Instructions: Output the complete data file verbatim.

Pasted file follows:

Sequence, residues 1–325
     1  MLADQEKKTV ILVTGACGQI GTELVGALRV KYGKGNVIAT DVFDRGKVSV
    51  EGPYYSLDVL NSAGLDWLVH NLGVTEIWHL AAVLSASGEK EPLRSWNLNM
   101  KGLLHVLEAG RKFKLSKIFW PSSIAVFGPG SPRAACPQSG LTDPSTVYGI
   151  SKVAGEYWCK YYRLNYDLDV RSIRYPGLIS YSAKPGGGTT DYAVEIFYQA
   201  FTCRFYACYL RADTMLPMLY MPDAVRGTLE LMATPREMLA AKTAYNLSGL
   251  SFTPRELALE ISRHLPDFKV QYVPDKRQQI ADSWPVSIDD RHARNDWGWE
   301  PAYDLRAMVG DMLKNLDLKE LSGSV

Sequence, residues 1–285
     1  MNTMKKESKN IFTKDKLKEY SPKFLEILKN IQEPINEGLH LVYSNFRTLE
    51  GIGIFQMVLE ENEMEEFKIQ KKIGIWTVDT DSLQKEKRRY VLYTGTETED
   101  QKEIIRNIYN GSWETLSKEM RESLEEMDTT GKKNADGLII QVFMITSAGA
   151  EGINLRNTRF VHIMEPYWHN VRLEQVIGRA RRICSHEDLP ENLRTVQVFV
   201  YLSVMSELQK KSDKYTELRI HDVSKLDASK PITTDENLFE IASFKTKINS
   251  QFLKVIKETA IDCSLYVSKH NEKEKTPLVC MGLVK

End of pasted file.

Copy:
Sequence, residues 1–325
     1  MLADQEKKTV ILVTGACGQI GTELVGALRV KYGKGNVIAT DVFDRGKVSV
    51  EGPYYSLDVL NSAGLDWLVH NLGVTEIWHL AAVLSASGEK EPLRSWNLNM
   101  KGLLHVLEAG RKFKLSKIFW PSSIAVFGPG SPRAACPQSG LTDPSTVYGI
   151  SKVAGEYWCK YYRLNYDLDV RSIRYPGLIS YSAKPGGGTT DYAVEIFYQA
   201  FTCRFYACYL RADTMLPMLY MPDAVRGTLE LMATPREMLA AKTAYNLSGL
   251  SFTPRELALE ISRHLPDFKV QYVPDKRQQI ADSWPVSIDD RHARNDWGWE
   301  PAYDLRAMVG DMLKNLDLKE LSGSV

Sequence, residues 1–285
     1  MNTMKKESKN IFTKDKLKEY SPKFLEILKN IQEPINEGLH LVYSNFRTLE
    51  GIGIFQMVLE ENEMEEFKIQ KKIGIWTVDT DSLQKEKRRY VLYTGTETED
   101  QKEIIRNIYN GSWETLSKEM RESLEEMDTT GKKNADGLII QVFMITSAGA
   151  EGINLRNTRF VHIMEPYWHN VRLEQVIGRA RRICSHEDLP ENLRTVQVFV
   201  YLSVMSELQK KSDKYTELRI HDVSKLDASK PITTDENLFE IASFKTKINS
   251  QFLKVIKETA IDCSLYVSKH NEKEKTPLVC MGLVK